This post will contain all the activities we did in our homeschool maths about Co-ordinate Graphs. First, I will introduce you to an excellent book about x,y co-ordinates. Next, I will show you how we used our aged map to answer some Viking themed co-ordinate graph questions. And lastly, I will describe how we used our huge paper mache map to work out the perimeter and area of Great Britain on our map (not to scale).
Co-ordinate Graphs Living Maths Resource
Sir Cumference and the Viking’s Map is a clever little book, explaining the x, y co-ordinates in a way that the children can’t fail to remember. This week our hands on maths was all based around this book. The concepts I wanted to teach and/or revise were:
- Horizontal and vertical
- Working with dates and time passing
- Map keys
- Working out positions from x,y co-ordinates
- Working out x,y co-ordinates from positions on the map
Homeschool Maths: Co-ordinate Graphs
Using Our Aged Viking Maps to Learn About Co-ordinate Graphs
I made some aged Viking maps with co-ordinates and prepared a quick history lesson on the explorations of the Vikings.
Using the history of Viking exploration I made up lots of mathematical questions and instructions for the children to follow:
I included decimal work, graph work, addition and subtraction. In addition I wrote down lots of important facts that they were required to work with in order to complete the maths quest. I’m hoping they will remember not only the maths but the history and lots of accidental geography. Here’s the end result:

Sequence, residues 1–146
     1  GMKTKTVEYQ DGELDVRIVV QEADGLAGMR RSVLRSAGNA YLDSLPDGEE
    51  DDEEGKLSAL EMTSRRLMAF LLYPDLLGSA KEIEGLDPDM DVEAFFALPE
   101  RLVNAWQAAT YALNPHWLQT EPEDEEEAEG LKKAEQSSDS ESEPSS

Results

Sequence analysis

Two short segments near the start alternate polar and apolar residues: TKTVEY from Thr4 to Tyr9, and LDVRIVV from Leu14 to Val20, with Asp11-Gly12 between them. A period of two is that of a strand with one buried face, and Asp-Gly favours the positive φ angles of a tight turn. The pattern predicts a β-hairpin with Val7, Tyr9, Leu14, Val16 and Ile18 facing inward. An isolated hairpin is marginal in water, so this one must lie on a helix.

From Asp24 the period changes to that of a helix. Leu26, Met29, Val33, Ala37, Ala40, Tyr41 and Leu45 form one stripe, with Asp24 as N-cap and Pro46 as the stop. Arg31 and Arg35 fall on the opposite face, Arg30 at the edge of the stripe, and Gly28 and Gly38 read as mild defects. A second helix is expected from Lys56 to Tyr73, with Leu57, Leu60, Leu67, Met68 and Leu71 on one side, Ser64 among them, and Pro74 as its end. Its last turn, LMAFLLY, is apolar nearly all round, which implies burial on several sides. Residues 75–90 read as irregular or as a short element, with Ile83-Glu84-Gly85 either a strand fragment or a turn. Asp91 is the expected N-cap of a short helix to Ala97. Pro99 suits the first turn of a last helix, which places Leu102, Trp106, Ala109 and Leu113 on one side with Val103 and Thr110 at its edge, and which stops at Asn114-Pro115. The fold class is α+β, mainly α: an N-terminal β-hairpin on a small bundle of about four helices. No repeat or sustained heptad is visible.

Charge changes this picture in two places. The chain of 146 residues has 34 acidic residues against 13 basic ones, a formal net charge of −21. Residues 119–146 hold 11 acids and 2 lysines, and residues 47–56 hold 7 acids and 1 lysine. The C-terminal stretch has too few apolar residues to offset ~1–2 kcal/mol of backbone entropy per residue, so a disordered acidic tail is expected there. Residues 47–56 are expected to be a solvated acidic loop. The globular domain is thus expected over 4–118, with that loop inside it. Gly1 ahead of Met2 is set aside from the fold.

Using Our Huge Paper Mache Map to Measure Perimeter
The second maths activity also involved the huge paper mache map. I displayed it on the table and asked the girls to explain using the map as reference, what the perimeter of Great Britain was and what the area was. I didn’t (obviously) want exact measurements, just an explanation. To my surprise they knew immediately. This is something they have continually forgotten over the years with worksheets.
Thinking I must be on a roll I asked them how they would go about measuring the perimeter and area of Great Britain on the map. Every suggestion, whilst imaginative, did actually make sense.
Charlotte, thought she would use a ruler, then changed her mind to a tape measure, adding that a dress maker’s tape measure would be more malleable.
Lillie thought she would like to line up Playmobil men all around the outline of Britain, measure them and multiply the measurement of one by how many fitted around the map. Although time consuming and expensive (we would have needed A LOT more men) mathematically it made sense.
I asked them to think of an easier way that was similar to the tape. Thomas joined us at this point and suggested string, then measuring the string against the tape measure.
The girls did just that:
After they had gone around the whole map, they used the measuring tape to measure the length of the string. This gave them the perimeter of the map:
Using Our Huge Paper Mache Map to Measure Area
Next, I asked how they would go about finding the area. Lillie wanted to use her men again (!) and Charlotte thought using the maths blocks and filling the inside of the map with those might work. However, it was Lillie in a light bulb moment, seconds later, who shouted with much enthusiasm to use squared paper! She followed it up with counting all the whole squares and crossing them out, then mixing and matching the bits of squares and counting any whole ones made.
Lillie would be the child that struggles with Maths the most, although I have noticed how easy she finds it when applied to things that matter- cooking, money etc. This exercise actually showed me how visual she is and how, although numbers don’t make too much sense to her, their application when applied to something physical did.
I’m a very happy mummy!